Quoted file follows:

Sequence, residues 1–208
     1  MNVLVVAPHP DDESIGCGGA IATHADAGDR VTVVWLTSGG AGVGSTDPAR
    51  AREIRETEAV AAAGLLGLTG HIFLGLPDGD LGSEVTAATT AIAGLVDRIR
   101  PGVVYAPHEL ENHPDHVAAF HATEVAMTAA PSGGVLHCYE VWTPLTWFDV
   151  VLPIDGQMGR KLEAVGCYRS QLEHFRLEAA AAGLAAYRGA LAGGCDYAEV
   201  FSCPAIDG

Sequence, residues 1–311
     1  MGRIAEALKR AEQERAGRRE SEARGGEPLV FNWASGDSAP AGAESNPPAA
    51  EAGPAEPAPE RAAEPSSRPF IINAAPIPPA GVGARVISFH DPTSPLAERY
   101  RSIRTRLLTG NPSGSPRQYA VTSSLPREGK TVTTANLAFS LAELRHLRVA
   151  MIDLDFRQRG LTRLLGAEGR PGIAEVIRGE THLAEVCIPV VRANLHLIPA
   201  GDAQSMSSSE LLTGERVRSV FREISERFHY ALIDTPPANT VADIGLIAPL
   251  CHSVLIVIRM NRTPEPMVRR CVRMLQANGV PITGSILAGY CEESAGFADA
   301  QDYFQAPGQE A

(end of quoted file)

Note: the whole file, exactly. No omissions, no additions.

Sequence, residues 1–208
     1  MNVLVVAPHP DDESIGCGGA IATHADAGDR VTVVWLTSGG AGVGSTDPAR
    51  AREIRETEAV AAAGLLGLTG HIFLGLPDGD LGSEVTAATT AIAGLVDRIR
   101  PGVVYAPHEL ENHPDHVAAF HATEVAMTAA PSGGVLHCYE VWTPLTWFDV
   151  VLPIDGQMGR KLEAVGCYRS QLEHFRLEAA AAGLAAYRGA LAGGCDYAEV
   201  FSCPAIDG

Sequence, residues 1–311
     1  MGRIAEALKR AEQERAGRRE SEARGGEPLV FNWASGDSAP AGAESNPPAA
    51  EAGPAEPAPE RAAEPSSRPF IINAAPIPPA GVGARVISFH DPTSPLAERY
   101  RSIRTRLLTG NPSGSPRQYA VTSSLPREGK TVTTANLAFS LAELRHLRVA
   151  MIDLDFRQRG LTRLLGAEGR PGIAEVIRGE THLAEVCIPV VRANLHLIPA
   201  GDAQSMSSSE LLTGERVRSV FREISERFHY ALIDTPPANT VADIGLIAPL
   251  CHSVLIVIRM NRTPEPMVRR CVRMLQANGV PITGSILAGY CEESAGFADA
   301  QDYFQAPGQE A